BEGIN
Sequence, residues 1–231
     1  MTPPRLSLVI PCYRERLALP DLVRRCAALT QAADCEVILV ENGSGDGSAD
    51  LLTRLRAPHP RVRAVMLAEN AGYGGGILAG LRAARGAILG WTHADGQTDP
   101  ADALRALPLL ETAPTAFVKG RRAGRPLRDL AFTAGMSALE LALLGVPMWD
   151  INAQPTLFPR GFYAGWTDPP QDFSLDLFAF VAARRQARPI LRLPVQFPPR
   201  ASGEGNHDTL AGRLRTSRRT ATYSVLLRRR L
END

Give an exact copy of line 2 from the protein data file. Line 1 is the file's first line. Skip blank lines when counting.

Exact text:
     1  MTPPRLSLVI PCYRERLALP DLVRRCAALT QAADCEVILV ENGSGDGSAD